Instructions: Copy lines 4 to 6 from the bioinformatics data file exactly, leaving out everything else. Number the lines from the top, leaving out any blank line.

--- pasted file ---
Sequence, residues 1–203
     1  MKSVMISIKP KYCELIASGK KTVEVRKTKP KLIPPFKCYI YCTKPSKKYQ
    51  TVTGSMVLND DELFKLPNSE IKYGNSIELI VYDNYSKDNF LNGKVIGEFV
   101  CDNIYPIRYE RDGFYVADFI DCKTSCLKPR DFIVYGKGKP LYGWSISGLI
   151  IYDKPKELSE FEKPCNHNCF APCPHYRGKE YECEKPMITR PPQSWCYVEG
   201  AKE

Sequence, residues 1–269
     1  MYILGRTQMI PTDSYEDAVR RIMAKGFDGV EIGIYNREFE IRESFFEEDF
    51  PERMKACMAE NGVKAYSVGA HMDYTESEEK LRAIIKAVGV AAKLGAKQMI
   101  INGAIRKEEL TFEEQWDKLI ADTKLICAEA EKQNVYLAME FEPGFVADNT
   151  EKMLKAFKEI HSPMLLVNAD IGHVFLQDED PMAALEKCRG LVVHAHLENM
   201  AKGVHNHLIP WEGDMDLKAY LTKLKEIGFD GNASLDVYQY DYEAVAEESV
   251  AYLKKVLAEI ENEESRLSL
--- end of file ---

   101  CDNIYPIRYE RDGFYVADFI DCKTSCLKPR DFIVYGKGKP LYGWSISGLI
   151  IYDKPKELSE FEKPCNHNCF APCPHYRGKE YECEKPMITR PPQSWCYVEG
   201  AKE